Comments on the Srikrishna Committee Report and the Draft Data Protection Bill 2018 – I

[Ed Note : The following series of posts contain comments on the Srikrishna Committee Report and the Draft Data Protection Bill, 2018 made and compiled by students from NALSAR University of Law -Ankush Rai, Ashwin Murthy, Arvind Pennathur, Namratha Murugesan, Priyamvadha Shivaji, Shweta Rao, Sriram Kashyap, Vishal Rakhecha and Tanvi Apte. The comments have been uploaded on the Ministry of Electronics and Information Technology (MeitY) website. 

The present post deals with comments made in relation to four issues that arise in relation to the Report and Draft Bill – a) vagueness, b) government interference, c) the data protection authority and d) surveillance. 

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TechLaw Symposium at NALSAR University of Law, Hyderabad – Press Note

[Ed Note : The following press note has been authored by Shweta Rao and Arvind Pennathur from NALSAR University of Law. Do watch  this space for more details on the symposium!}

On the 9th of September NALSAR University of Law’s Tech Law Forum conducted its first ever symposium with packed panels discussing a variety of issues under the broad theme of the Right to Privacy. This symposium took place against the backdrop of the recent draft Data Protection Bill and Report released by the Srikrishna Committee.

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A Note On Monsanto vs. Nuziveedu

In the recent judgement in the High Court of Delhi in Monsanto Technology LLC and Ors. v. Nuziveedu Seeds Limited and Ors, the Delhi High Court has single-handedly devastated the Biotechnology (Bt.) industry in India. Its judgement will have far-reaching consequences on multiple sectors such as genetic modification and biotechnology, pharmaceuticals and the agriculture industry.

Brief Facts and Monsanto’s Patent Claims

Through a Government notice from the Department of Agriculture, the trait fees, or the fees charged for seeds with genetic coding for a specific characteristic (such as pest resistance, or higher yield), were revised for certain seeds including Bollgard and Bollgard II of Monsanto, a Fortune 500 global conglomerate.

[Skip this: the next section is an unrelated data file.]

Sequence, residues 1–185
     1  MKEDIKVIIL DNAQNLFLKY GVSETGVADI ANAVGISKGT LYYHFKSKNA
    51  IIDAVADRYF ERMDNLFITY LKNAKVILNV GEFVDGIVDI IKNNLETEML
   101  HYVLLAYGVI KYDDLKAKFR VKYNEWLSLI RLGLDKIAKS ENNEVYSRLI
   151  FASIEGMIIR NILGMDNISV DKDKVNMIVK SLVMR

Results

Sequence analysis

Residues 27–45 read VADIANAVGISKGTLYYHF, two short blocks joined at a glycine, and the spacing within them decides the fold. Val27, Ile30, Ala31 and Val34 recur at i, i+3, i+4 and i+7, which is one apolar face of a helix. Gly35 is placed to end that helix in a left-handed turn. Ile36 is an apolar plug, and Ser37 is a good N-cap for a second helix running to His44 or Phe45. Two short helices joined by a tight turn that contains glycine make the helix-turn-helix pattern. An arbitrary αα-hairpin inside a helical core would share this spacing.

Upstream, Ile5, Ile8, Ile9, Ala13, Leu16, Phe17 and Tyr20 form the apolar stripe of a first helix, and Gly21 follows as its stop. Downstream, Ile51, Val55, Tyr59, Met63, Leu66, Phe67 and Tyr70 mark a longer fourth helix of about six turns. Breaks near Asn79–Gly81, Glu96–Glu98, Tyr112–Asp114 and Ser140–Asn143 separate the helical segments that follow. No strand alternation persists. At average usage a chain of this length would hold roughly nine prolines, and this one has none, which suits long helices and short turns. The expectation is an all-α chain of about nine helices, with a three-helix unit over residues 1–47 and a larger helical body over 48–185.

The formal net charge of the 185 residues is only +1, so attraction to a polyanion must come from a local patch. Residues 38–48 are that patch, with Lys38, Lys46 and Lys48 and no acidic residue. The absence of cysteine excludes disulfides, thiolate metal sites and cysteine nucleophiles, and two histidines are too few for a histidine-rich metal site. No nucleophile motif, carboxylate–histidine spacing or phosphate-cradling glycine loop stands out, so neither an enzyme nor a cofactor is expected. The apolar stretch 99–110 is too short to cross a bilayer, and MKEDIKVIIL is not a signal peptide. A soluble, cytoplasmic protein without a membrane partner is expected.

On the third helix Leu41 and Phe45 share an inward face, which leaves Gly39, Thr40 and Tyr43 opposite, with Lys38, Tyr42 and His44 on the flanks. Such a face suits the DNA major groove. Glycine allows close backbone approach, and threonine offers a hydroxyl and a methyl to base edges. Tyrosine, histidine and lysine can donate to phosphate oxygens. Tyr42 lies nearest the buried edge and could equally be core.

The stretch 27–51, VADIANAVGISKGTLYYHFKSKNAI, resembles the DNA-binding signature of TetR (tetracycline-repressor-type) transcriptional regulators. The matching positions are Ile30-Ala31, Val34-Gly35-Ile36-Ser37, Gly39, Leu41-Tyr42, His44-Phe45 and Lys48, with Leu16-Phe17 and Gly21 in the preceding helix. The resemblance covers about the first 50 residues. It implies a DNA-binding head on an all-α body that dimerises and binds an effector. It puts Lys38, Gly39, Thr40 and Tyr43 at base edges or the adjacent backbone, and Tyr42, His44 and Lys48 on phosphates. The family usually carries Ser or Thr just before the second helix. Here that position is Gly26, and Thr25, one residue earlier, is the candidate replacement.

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Huawei v ZTE: SEPs, Injunctions and the Points of Interface between the ECJ Case and Indian Jurisprudence: Part I

[Ed Note: This post is the first part of a two part series authored by Vaibhav Laddha, a student of NALSAR University of Law.]

Technology product markets today are inherently international. Products designed in Germany may be manufactured in Korea or China and sold in India. This cross-cutting global nature of technological products has created a need for standardisation to ensure technical interoperability. Some standards which ensure this are WiFi (wireless networking), MP3 (digital content encoding), 4G (wireless telecommunications), etc. These standards reduce communication costs and increase efficiency. For this reason, various standard setting organisations (SSOs) have been formed who primarily facilitate coordination between different stakeholders in a market by setting standards.

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Huawei v ZTE: SEPs, Injunctions and the Points of Interface between the ECJ Case and Indian Jurisprudence : Part II

[Ed Note: This post is the second part of a two part series authored by Vaibhav Laddha, a student of NALSAR University of Law. The first part can be found here.]

The Indian telecommunications market is one of the largest in the world, and therefore becomes an important market for the key participants in the telecommunications industry. Indian jurisprudence on FRAND practices for SEPs is underdeveloped at this stage, with a handful of decisions by the Delhi High Court and the Competition Commission of India. The rules that govern SEP have not been clearly defined, and the positions adopted by the Delhi High Court and the Competition Commission of India have differed greatly.

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